So, this is a little later than usual because of the holiday and a day off for me, but finally here it is. First things first, can we please reflect for a moment on how absolutely phenomenal Sunday's episode of Mad Men was? Yes, we all know that I'm obsessed with the show, but objectively speaking, this may have been the best episode of the series to date. There were so many brilliant moments (Roger Sterling had an affair with Bert Cooper's former, and Don's current, secretary Ida Blakenship! Bert was mistakenly castrated! ). Much of it was devoted to Don and Peggy's relationship and subsequently it had so much insight to offer about agency politics and the mentor/mentee relationship.
Peggy and Don's relationship has always been an interesting, and complicated, one, partly because she began her career as Don's secretary. Though Joan comes off as the modern one, it is Peggy who is the embodiment of the Betty Friedan-inspired woman of the 1960s, one who struggles with what she thinks she's supposed to be and what she wants to be. As she told Don, “I know what I'm supposed to want, but it never feels right—or as important as anything in that office.” It's an issue that many women, no matter what the work setting, struggle with: how to balance being a successful businesswoman while fulfilling the traditional roles of wife and mother. I had a conversation recently with a very senior female PR executive who said it was something she believed PRWeek needed to address. She pointed out that our monthly “Habits” section often features young men whose morning routing involves waking up at 5am and running six miles, not having to get their children dressed, fed, and off to daycare or school before work. (Certainly men have these duties too, but more often than not, this does fall to women. I'm happy to be proven wrong though—please comment.) So, this month, we featured Roxana Lissa, CEO and founder of RLPR, a working mother of two young children.
Back to Mad Men though. The episode was set against the backdrop of the famous boxing match between Sonny Liston and Cassius Clay (right when he was changing his name to Mohammed Ali) and the theme of heavyweights and indestructible carried throughout the episode, most blatantly in what the team was trying to convey in their pitch for the Samsonite client—and most important, Don. Unimpressed by their first attempt at a commercial concept, one that featured still-unknown New York Jets quarterback Joe Namath, Don scoffed, “Endorsements are lazy” and sent them back to the drawing board. Indeed, Don Draper was ahead of his time, as I thought the use of celebrities in campaigns has only recently been questioned.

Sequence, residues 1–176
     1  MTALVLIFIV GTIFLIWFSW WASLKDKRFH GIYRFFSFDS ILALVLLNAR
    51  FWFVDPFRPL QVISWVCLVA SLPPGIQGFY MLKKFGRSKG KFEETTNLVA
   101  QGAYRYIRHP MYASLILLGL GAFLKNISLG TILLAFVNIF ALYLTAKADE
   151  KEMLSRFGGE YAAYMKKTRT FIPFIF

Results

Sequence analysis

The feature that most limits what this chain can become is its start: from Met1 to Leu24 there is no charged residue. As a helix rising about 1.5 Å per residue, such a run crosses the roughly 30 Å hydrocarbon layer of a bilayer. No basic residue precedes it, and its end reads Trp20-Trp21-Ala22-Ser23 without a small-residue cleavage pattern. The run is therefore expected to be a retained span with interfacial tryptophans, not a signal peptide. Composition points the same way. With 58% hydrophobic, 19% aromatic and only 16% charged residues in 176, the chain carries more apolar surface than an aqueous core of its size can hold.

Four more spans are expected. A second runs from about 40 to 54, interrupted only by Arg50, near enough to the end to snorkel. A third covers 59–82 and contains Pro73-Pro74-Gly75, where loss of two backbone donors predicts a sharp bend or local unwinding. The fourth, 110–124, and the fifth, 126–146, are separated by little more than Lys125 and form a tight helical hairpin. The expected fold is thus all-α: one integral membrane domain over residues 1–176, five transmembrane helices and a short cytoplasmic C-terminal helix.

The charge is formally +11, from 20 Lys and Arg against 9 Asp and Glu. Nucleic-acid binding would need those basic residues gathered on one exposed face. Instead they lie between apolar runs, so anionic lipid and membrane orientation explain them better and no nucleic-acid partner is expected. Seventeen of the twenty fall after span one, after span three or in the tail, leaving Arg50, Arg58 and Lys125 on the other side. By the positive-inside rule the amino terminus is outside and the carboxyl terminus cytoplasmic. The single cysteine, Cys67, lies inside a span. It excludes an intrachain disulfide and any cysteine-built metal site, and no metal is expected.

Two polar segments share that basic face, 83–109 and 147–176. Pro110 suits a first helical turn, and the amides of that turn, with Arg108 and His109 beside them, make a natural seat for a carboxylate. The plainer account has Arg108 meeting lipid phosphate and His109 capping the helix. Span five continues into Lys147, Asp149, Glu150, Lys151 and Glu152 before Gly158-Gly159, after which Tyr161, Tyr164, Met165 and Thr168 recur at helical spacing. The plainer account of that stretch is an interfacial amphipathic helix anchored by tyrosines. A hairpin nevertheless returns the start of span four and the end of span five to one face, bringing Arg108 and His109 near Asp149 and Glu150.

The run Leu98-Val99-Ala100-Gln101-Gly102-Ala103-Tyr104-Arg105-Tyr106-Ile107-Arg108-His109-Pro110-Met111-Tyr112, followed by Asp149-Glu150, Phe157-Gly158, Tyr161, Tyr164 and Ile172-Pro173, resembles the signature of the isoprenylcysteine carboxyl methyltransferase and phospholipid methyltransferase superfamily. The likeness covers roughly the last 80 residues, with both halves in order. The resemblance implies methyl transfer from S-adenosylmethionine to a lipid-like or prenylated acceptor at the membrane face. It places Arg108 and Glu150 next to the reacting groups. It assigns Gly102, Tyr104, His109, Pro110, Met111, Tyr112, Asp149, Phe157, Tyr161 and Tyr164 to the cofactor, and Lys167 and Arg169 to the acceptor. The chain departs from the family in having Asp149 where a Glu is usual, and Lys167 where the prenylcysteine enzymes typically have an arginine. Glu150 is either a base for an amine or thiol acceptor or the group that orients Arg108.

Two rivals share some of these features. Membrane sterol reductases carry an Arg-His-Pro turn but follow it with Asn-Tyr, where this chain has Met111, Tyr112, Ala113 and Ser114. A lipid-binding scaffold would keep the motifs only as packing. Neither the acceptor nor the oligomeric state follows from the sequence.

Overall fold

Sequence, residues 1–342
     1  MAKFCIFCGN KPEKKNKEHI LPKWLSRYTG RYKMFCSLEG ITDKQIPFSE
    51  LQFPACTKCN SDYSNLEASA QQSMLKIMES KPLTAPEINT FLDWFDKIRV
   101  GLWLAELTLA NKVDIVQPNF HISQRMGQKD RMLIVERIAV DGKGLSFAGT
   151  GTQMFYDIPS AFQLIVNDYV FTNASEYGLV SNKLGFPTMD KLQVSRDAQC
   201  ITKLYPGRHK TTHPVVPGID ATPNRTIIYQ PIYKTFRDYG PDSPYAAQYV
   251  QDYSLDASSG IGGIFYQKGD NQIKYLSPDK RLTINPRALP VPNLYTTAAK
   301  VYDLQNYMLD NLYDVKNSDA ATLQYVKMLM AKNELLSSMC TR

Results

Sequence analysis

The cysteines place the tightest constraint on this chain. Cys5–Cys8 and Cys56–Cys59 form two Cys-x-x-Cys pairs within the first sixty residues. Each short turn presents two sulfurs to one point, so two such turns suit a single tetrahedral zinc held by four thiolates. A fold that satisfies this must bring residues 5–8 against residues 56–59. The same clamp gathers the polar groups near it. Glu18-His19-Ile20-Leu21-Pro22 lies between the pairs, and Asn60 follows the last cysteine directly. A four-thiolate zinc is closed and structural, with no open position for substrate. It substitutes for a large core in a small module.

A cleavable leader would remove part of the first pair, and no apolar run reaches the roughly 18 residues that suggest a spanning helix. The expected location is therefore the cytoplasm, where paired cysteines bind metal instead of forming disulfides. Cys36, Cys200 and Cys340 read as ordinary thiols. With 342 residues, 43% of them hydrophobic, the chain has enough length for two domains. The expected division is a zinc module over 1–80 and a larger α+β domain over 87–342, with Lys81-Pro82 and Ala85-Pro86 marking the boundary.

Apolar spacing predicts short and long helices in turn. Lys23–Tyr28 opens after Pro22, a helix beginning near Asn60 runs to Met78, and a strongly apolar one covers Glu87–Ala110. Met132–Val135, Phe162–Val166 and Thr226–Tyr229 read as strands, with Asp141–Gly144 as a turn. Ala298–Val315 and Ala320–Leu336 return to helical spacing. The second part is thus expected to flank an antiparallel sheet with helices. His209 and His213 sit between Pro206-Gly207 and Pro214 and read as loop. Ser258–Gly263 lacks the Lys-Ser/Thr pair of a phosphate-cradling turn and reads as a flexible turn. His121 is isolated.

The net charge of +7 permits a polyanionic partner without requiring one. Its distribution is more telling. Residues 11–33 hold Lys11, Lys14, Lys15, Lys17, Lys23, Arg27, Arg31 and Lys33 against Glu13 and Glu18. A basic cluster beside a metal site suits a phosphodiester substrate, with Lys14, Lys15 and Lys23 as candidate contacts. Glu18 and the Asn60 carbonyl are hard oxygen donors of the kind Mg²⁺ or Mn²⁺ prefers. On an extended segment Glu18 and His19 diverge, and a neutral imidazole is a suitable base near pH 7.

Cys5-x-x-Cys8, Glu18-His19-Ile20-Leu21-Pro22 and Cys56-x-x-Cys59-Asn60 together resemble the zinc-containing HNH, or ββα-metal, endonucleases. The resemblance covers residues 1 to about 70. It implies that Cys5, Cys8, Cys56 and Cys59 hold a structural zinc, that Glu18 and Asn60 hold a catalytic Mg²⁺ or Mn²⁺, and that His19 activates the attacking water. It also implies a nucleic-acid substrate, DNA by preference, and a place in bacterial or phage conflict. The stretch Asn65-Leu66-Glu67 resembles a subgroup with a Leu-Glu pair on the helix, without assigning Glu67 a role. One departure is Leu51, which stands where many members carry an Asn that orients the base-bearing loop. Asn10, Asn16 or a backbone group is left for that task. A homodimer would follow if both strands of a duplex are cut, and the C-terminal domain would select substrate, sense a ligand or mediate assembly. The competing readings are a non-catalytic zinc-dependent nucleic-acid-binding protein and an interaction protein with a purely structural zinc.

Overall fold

The real meat of the episode came during the scenes only between Don and Peggy, after she had basically chosen her career over her (seriously lame) boyfriend and birthday dinner. Finally, Peggy unleashed her anger at Don for “stealing” her idea for the Glo-Coat commercial that won him a Clio . As he told her though,“There is no idea. Everything that comes through here belongs to the agency.” And nothing could be more true. In any creative industry, your employer owns any work you produce. And bosses often bask in the glory of work that their employees carry out. It might be unfair, but it's just the way it is.
Peggy's confrontation with Don over him taking her idea without giving her credit led to perhaps the best exchange of the episode:
“It's your job. I give you money, you give me ideas,” Don said.
“You never say thank you,” Peggy shot back.
“That's what the money is for!” Don bellowed. “You're young; you will get your recognition. And honestly, it is absolutely ridiculous to be two years into your career and counting your ideas. Everything to you is an opportunity. And you should be thanking me every morning when you wake up, along with Jesus, for giving you another day.”
Wow. We know that Don is an egomaniac, but comparing himself to Jesus Christ? That takes it to a whole other level. What this brings up though is something I've spoken about with many agency CEOs and even Gen Xers like myself since the Millennials came into the workforce: why on earth do younger staffers act so damn entitled? Clearly Peggy is not a Millennial, but she certainly had the wrong expectations about what it meant to pay her dues. So, was Don right to give her the verbal smackdown? I would love to hear your thoughts. How do you mentor young talent? Until next week…